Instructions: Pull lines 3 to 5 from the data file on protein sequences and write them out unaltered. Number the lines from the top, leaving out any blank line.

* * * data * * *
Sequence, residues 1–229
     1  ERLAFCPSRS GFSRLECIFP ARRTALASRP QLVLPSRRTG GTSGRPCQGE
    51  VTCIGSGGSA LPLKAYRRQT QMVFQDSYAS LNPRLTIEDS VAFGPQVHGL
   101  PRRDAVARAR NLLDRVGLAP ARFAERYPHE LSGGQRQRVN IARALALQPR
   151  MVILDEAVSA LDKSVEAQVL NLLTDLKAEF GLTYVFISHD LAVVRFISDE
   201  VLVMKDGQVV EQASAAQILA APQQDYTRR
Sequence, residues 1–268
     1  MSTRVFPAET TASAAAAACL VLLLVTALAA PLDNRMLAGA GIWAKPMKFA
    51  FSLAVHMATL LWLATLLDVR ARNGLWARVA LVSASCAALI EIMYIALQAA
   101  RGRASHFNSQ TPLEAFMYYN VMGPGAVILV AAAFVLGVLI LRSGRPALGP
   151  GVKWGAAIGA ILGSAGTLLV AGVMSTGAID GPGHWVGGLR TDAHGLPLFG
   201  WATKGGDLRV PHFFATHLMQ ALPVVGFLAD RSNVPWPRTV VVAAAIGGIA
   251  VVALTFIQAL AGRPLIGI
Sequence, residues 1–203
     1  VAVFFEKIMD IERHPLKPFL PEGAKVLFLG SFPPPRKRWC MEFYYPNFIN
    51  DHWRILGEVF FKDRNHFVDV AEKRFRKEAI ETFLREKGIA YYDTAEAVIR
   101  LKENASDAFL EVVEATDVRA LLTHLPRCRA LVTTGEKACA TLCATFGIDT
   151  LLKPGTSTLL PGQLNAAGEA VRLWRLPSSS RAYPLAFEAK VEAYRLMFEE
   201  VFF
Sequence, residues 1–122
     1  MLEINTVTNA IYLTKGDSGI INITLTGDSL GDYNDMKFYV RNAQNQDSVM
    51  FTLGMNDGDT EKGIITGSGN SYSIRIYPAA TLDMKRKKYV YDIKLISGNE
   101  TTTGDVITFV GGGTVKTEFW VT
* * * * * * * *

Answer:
    51  VTCIGSGGSA LPLKAYRRQT QMVFQDSYAS LNPRLTIEDS VAFGPQVHGL
   101  PRRDAVARAR NLLDRVGLAP ARFAERYPHE LSGGQRQRVN IARALALQPR
   151  MVILDEAVSA LDKSVEAQVL NLLTDLKAEF GLTYVFISHD LAVVRFISDE